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ONLINE ISSN: 1883-2954
PRINT ISSN: 0021-1575

Tetsu-to-Hagané Vol. 83 (1997), No. 10

  • The Effect of Atmosphere Gas on Hot Erosion Properties of the Materials Applied to PFBC Boiler

    pp. 605-610

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    Three kinds of materials applied to PFBC boiler have been examined in the atmosphere of the mixed gas (N2-O2-SO2), and the effect of atmosphere gas on hot erosion waste of the materials was studyed. The results obtained are as follows.
    (1) The erosion waste of materials is accelerated by SO2, and is restrained by O2.
    (2) The erosion waste is small on the condition of low testing velocity below 7m/s.
    The erosion waste becomes larger in proportion to the increase of the testing velocity on the condition of the high velocity beyond 7m/s.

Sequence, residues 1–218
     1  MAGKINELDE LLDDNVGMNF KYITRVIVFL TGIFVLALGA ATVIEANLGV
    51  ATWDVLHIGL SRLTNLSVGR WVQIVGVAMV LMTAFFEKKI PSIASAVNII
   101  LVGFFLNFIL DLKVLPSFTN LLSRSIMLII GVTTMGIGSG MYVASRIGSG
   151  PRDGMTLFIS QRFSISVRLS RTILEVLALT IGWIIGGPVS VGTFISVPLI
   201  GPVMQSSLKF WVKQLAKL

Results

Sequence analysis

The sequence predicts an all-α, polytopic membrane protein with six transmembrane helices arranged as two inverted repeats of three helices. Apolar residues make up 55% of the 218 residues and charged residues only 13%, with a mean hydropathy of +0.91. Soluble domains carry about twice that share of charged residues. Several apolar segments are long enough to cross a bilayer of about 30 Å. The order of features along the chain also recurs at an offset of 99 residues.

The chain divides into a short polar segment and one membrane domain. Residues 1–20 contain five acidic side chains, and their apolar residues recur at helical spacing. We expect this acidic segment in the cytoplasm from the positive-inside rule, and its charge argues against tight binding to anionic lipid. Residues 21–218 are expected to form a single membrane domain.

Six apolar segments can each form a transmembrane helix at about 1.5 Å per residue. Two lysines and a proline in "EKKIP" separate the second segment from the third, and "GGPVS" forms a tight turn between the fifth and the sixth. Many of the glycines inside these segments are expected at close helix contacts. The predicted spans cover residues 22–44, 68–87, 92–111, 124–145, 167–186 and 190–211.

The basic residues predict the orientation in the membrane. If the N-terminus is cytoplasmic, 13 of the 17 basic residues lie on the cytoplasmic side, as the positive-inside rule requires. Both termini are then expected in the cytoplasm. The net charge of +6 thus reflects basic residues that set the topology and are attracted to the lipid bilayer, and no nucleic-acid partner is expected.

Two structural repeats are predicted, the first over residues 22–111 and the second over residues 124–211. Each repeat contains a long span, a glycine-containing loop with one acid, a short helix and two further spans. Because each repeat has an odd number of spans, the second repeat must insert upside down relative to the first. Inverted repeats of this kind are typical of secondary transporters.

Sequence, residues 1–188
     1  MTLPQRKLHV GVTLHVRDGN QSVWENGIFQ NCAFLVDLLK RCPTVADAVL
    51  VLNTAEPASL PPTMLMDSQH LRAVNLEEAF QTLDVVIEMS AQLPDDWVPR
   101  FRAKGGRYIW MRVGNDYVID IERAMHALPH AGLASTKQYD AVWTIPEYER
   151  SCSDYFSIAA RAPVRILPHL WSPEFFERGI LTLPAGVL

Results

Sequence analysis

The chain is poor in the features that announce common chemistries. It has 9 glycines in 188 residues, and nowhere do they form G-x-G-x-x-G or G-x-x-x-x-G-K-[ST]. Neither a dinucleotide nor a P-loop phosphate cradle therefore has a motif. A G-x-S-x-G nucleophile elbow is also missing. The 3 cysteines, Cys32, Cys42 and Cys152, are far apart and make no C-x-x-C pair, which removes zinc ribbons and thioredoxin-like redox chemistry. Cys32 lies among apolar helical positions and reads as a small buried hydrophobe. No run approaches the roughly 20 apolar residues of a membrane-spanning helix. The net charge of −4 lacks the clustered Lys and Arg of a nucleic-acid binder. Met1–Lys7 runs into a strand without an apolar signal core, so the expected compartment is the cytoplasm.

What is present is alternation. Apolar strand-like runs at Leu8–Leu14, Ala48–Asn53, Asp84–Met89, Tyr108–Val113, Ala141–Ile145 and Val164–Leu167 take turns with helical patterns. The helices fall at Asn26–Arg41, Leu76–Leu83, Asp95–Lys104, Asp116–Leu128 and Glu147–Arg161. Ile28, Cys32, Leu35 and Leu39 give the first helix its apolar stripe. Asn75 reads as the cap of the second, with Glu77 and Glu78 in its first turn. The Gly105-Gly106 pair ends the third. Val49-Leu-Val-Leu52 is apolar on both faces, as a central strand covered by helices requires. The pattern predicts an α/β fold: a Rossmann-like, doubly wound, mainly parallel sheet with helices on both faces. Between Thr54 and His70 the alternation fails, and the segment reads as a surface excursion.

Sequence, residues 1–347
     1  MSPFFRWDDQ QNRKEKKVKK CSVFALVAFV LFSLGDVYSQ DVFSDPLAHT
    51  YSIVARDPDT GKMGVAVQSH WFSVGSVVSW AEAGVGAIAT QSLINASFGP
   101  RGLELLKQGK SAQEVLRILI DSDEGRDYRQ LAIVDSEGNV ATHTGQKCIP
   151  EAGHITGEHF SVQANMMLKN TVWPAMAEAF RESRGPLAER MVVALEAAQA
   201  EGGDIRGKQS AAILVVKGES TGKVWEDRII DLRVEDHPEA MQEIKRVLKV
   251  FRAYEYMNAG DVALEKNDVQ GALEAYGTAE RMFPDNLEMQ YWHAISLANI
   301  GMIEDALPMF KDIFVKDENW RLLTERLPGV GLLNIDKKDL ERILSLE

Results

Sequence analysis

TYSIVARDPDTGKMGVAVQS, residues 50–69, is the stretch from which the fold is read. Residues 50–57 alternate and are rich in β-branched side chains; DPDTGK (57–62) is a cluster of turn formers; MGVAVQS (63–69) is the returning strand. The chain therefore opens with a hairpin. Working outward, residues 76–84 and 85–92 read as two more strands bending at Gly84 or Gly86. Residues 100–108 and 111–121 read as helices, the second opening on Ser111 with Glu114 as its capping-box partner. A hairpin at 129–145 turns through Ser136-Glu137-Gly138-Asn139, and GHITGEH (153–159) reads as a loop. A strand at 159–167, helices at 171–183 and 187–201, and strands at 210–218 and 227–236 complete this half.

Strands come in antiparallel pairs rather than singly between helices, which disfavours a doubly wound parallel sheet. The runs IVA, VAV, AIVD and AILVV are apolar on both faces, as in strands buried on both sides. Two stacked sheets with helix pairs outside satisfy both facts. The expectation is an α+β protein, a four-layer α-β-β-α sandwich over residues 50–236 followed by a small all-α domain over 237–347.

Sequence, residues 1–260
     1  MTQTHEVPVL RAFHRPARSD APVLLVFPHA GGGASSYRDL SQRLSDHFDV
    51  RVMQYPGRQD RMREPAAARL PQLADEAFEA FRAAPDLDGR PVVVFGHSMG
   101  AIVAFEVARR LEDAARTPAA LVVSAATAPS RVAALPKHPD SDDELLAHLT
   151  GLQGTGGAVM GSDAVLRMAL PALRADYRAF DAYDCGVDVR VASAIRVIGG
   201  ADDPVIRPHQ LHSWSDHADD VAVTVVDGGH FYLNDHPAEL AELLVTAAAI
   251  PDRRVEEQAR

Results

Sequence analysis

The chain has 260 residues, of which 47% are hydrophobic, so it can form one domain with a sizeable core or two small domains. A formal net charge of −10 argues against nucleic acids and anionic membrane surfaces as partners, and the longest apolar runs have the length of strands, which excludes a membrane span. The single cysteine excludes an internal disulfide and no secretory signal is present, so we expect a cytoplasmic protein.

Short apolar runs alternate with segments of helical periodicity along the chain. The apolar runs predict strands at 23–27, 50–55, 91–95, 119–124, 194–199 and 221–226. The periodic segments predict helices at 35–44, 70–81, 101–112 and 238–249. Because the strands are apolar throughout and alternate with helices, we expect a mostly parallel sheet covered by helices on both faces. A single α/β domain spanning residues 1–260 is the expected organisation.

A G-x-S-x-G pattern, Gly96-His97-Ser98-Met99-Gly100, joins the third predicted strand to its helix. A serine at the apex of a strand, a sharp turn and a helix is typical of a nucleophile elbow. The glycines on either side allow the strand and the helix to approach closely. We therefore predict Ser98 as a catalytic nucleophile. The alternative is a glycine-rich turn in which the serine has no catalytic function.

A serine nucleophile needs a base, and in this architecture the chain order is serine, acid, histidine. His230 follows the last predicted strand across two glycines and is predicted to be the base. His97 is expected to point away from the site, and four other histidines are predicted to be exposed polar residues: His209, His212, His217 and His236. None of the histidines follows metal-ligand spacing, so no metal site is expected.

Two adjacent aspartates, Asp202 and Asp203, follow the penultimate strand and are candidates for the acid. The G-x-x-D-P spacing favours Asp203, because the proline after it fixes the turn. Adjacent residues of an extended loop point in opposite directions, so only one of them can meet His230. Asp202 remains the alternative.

(3) The erosion waste becomes smaller at larger Cr content because of a formation of Cr oxide at the most inner layer of an oxide scale.
  • Influence of Oxide Scale on Heat Transfer Properties of Ni Bearing Low-alloy Steel

    pp. 611-616

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    The effect of surface oxidation on heat transfer of a low-alloy steel with Ni of 0-4.9mass% was investigated. Cooling curves were obtained by means of 10mm thick plate heated and oxidized by induction heating in air at 1473K for 300 sec. The results obtained are summarized as follows.
    Heat transfer properties change noticeably depending on Ni content. As the Ni content increases, transition boiling begins at higher temperature. At temperatures below the breakdown temperature of film boiling, i.e. the lower limit temperature of film boiling, the heat transfer coefficient has risen with Ni increase, while above that temperature it is independent of Ni content.